But why did I basically lash out mostly at women with whom I had intimate relationships? Again, I believe the reasons are complex. For me personally, it was because my mother didn’t protect me. But more than that, I found her love and approval to be conditional. When I lashed out at my wife, I was not only lashing out at myself, but my mother. I know there were times when I was profoundly aware that I was looking at my wife and seeing my mother.

The deeper explanation of domestic violence lay in our social construct. Women threaten men because we know they are both smarter and more powerful. They control us from the time we are conceived because the thing we need most (so desperately) is their love and approval. We are born with just three needs – water, food and love, especially the love of our mothers. If we feel we have achieved that we have no reason to feel threatened or controlled. If we don’t, the only way we can take back any sort of control is through physical intimidation. Look at the patriarchal domination of workplaces, politics and societal organisations where women are largely excluded. It is because men fear them. In many cultures this is overt, where women are kept uneducated and downtrodden. In Australia it is just called misogamy. There is no woman we are more afraid of than our mothers. Men simply need women more than women need men. And that can be very powerful. The male wants to be the head of the family, the provider (like the hunter). Societal changes have challenged, even undermined, that. To many men the security of his position as provider is vital. Without it he feels weak. The insecurity of employment (70% of jobs created in the last 10 years have been part-time or casual).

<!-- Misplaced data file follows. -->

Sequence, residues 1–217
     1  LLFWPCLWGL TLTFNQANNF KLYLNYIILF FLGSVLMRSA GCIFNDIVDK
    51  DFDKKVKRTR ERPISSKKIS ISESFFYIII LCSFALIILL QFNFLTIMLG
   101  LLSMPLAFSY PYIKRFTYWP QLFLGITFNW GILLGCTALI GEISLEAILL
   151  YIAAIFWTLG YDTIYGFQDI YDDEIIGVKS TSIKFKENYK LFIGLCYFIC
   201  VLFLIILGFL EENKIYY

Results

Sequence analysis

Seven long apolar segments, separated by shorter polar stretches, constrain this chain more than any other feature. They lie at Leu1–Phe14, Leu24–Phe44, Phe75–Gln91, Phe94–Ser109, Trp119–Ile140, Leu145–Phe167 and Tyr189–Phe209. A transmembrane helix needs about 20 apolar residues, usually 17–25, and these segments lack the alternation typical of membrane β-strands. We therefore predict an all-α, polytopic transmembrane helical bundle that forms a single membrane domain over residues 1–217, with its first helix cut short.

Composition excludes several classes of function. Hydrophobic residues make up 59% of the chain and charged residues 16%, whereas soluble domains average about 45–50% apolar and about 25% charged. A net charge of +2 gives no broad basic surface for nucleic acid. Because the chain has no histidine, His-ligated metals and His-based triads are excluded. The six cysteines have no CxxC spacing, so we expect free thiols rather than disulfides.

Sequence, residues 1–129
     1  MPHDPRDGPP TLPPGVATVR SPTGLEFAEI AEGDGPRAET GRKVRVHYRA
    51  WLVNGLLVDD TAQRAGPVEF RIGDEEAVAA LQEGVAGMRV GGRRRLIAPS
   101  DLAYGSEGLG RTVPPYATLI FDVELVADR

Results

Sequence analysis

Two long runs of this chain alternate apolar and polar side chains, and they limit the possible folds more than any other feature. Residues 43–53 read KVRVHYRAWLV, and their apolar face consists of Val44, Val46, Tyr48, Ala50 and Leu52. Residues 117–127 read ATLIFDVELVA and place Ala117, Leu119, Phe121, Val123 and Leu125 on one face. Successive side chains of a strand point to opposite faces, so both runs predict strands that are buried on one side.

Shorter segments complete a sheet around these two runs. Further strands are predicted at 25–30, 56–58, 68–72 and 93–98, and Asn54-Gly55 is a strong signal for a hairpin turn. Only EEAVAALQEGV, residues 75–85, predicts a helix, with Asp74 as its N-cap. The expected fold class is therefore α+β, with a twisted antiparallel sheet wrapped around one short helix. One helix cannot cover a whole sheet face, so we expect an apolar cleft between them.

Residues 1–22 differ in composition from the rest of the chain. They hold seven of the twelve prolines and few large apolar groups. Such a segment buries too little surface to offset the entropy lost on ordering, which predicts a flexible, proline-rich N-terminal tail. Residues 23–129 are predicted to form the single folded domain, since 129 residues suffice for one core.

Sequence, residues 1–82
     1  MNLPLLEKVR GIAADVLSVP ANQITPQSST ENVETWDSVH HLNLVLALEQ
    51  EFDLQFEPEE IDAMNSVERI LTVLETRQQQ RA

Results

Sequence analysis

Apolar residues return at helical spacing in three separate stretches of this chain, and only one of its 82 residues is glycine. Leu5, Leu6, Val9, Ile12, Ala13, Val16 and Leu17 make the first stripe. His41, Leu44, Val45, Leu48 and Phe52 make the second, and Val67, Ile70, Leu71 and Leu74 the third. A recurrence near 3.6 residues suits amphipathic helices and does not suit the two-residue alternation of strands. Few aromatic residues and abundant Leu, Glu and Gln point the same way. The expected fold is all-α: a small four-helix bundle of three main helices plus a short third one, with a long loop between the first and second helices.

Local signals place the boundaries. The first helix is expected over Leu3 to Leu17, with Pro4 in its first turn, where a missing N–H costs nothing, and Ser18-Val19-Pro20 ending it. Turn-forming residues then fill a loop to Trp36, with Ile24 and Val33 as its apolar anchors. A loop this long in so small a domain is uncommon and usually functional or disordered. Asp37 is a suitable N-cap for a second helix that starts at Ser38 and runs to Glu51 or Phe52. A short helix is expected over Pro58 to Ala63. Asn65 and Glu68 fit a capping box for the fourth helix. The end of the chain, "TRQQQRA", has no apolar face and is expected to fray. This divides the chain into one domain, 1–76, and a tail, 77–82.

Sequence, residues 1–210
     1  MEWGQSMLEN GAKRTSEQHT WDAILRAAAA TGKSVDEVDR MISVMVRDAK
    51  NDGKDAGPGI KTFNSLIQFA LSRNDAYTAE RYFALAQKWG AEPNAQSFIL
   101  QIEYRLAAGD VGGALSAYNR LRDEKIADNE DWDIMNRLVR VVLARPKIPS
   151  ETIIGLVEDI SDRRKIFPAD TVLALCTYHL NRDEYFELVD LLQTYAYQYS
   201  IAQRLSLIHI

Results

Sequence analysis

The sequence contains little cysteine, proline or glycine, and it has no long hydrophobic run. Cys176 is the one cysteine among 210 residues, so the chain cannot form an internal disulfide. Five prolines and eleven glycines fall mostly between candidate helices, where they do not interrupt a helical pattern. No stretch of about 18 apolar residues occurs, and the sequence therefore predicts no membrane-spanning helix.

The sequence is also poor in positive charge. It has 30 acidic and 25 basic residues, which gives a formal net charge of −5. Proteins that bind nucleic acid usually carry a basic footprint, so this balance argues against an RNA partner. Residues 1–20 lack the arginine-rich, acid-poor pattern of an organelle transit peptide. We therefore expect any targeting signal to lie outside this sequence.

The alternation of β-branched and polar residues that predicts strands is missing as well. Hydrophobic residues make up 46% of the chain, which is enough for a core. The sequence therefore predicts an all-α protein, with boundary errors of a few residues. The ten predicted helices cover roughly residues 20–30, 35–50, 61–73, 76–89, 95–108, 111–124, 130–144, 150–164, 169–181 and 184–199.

In psychological terms the child’s need for their mother is called Attachment Theory and originates with the seminal work of John Bowlby (1958). This experience led Bowlby to consider the importance of the child’s relationship with their mother in terms of their social, emotional and cognitive development. According to Bowlby, the attachment system essentially "asks" the following fundamental question: Is the attachment figure nearby, accessible, and attentive? If the child perceives the answer to this question to be "yes," he or she feels loved, secure, and confident, and, behaviourally, is likely to explore his or her environment, play with others, and be sociable. If, however, the child perceives the answer to this question to be "no," the child experiences anxiety. This mother-child attachment bond shapes an infant's brain, profoundly influencing their self-image, their expectations of others, and their ability to attract and maintain successful adult relationships. By learning about attachment, you can build healthier, attuned relationships, and communicate more effectively.